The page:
William Underwood was one of the earliest settlers in the district, coming to Geelong in 1836. He was born on 10 August 1815 in Launceston to convict parents William Underwood and Catherine Lynch. He married Sarah Robinson in 1854. He took a prominent part in municipal government, having been a member of the old Connewarre road board, and later of the South Barwon shire council, where he served from 1874 until 1887. He was a zealous member and committeeman of the Geelong Agricultural Society, and until his health became seriously impaired a couple of years before his death he never missed the annual shows of the society. He was very healthy until he had an attack of paralysis, after which he became an invalid.
He purchased crown land in Connewarre which he farmed for 40 years until he died on 2 October 1891 aged 80 years. He added to his initial acquisition as land became available, owning 855 acres when he died. His estate was valued at £5190 which was left to his wife, Sarah, for life and at her death to his children equally. Sarah died on 20 January, 1907 at the age of 82. His farm "Oaklands", was sold on 14 March 1907 for £6,000.
William and Sarah were buried together in the Church of England section of the Geelong Eastern Cemetery.
Their children were:
William — born 1855, died 1858
Christopher — born 1855, died 1941
Sarah Isabella — born 1858, died 1943
William — born 1860, died 1937 Colac
Thomas Robinson — born 1861, died 1915
Catherine — born 1864, died 1866
Catherine — born 1866, died 1938
James — born 1868, died 1876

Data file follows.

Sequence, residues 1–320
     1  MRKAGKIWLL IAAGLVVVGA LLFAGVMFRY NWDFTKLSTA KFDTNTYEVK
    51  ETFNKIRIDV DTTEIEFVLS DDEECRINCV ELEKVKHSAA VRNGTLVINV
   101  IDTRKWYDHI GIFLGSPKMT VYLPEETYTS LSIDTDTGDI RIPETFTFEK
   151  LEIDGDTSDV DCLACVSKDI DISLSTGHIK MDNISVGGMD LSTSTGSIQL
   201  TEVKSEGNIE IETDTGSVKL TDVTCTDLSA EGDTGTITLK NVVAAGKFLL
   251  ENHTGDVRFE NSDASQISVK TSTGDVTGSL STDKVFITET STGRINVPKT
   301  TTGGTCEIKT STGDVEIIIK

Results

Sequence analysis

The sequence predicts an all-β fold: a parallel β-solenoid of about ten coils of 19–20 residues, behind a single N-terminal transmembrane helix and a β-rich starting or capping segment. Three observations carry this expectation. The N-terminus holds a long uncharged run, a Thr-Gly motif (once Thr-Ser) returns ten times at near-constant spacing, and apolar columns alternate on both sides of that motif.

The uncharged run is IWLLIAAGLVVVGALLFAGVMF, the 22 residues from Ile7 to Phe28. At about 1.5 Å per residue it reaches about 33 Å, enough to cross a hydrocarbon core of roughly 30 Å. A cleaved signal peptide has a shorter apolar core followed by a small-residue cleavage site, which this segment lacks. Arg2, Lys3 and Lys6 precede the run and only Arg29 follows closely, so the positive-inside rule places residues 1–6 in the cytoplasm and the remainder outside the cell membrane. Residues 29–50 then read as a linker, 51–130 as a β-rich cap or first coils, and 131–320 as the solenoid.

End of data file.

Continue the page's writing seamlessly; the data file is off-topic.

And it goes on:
The land belonging to William Underwood which was sold at the auction on 14 March 1907 stretched from Breamlea Road and Shaws Lane in the west to the lake and from Belchers Road in the north to Bluestone School Road in the south. Barwon Heads Road ran through the farm. The Connewarre Presbyterian Church was built in 1916 on the south western corner of allotment G section XII on land donated by David Polly.
St Cuthbert's Church of England, built in 1911, was situated between the two cypresses on the Marshall Reserve in Marshalltown Road. It was built beside an old church which had originally been used also as a school. The old church was replaced by a Sunday School in 1922. When the congregation moved to Heyers Road, Grovedale the old church was moved to Cobbin Farm in Grove Road, Grovedale where it is often used for weddings.
A grand meadow fete was held in 1899 to procure funds to renovate the interior of the old church and to build a chancel if possible. By all reports in the Geelong Advertiser the fete was a huge success. A profit of £83 6s 5d was made. In appreciation of the hard work of the ladies, the church committee invited them to a picnic. By 1901 the advertisement for another meadow fete to be held was in aid of the new church building fund. For a number of years, before and after 1911, fetes and tea meetings were held to raise further funds. In 1913 it was a wisteria fete where the interior was decorated with wisteria which gave a dainty and pleasing effect. The new church was dedicated by the Archbishop of Melbourne on 10 June 1911. Councillors and officers of the Shire of South Barwon were invited to attend. In 1916, after the debt on the church had been paid, the proceeds of the fete went towards gas lighting in the church. In 1917 two honour rolls were unveiled. Parishioners, relatives and friends of those whose names were on the boards attended the church for the service on Sunday evening 15 March. There was a parade of the Young Men's Club, whose roll contained 18 names of members who had enlisted.
The Bluestone Cottage at Marshall
Together They Served
Torquay Museum Without Walls
Geelong and District Database
Geelong Cemetery Index
Australian War Memorial
Surf Coast Early Schools
Barwon Heads History